August 2009

Paleface into the Folk Fray

There are folks that just have songs dump out of ‘em, wind up on paper and are summarily turned into songs. Some people wind up with more songs and words to sing than their bands are able to grasp and find it necessary to go it alone. That’s not necessarily the case with Paleface – in fact it may have worked backwards. Gaining a modicum of notoriety during the early ‘90s afforded this one man act a slot on a major label for a time prior to being dismissed in the wake of other acts ostensibly working in the same vein. But subsequent to that, and apparently a close brush with liver failure, Paleface reconvened his musical activities, this time occasionally making use of more than just a guitar.


A lot of the bands initially associated with freeq folk (or whatever adjective you’d care to affix prior to the genre) have either disappeared, quit or just changed to the point where listeners might not recognize ‘em any longer. Akron/Family has perhaps been the most consistent, quality wise, while cranking out five discs in just about four years. That doesn’t mean that Wooden Wand and the Vanishing Voice is no longer valid – although James Jackson Toth has begun to tread on some slippery paths as of late – it does mean, though, that this group is the only one to have properly weather the storm. And no, I won’t consider Devandra Banhart a success. Posing for Vogue or whatever doesn’t mean that your music is any good.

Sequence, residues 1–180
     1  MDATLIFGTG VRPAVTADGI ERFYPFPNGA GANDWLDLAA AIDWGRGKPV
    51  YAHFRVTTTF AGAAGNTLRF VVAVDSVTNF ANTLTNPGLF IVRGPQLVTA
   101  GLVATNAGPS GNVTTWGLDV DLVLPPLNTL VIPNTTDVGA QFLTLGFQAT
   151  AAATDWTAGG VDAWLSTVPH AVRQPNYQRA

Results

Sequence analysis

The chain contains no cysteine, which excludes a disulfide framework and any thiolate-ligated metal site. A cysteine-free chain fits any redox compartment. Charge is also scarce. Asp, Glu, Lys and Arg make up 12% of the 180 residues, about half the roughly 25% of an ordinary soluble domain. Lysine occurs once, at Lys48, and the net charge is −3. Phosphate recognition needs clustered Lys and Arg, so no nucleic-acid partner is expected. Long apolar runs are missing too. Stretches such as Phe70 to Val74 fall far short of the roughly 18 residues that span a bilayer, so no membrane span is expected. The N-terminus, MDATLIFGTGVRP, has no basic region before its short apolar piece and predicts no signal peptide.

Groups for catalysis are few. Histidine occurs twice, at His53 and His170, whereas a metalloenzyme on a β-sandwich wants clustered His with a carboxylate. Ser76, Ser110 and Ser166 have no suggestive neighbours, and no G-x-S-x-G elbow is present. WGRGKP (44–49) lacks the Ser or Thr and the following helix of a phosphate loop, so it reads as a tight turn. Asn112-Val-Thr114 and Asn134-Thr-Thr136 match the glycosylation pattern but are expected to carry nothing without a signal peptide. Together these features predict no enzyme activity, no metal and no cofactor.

Mick Farren x The Deviants

If somehow all of the people that Mick Farren performed with over time were congregated into one room, the resultant group would constitute the most incredible of ‘60s Brit Psych players…ever. There’s no doubt that the folks who came into contact with Farren went on to incredible things – Hawkwind being one of them. But even if that weren’t the case, the musical out put (and yes that’s disregarding the slew of writing that Farren’s done) of just this one man drastically affected the way in which Brit Psych worked and what it did. That’s not even hyperbole.

Nurses: A Backwards Perspective on...

I was getting a ride from a friend in Cleveland. She was chauffeuring me to the inimitable MegaBus for the six hour trek back to Chicago. It’s better and worse than it sounds. Regardless, as we headed down a main thorofare on the east side, the cd we were listening to got switched out. But before stating what got tossed in, it needs to be figured that while this chick/woman/girl is without question one of my closest friends, her taste in music is pretty questionable. Anyway, she tossed on Animal Collective. I was kinda surprised.

Fruit Bats

mmm... Fruit Bats... allow me to suckle the nectar of thy sweet new tunes. Thou art the joy of my easy listening, open breasted smiling afternoons, playing out your tender harmonies, soft and gay across the room. Eric D. Johnson, you are a total babe. I never really noticed until today, when I read that you will play The Crocodile this August 20, 2009 with Palmer Electric Co. formerly known as Palmer, AK.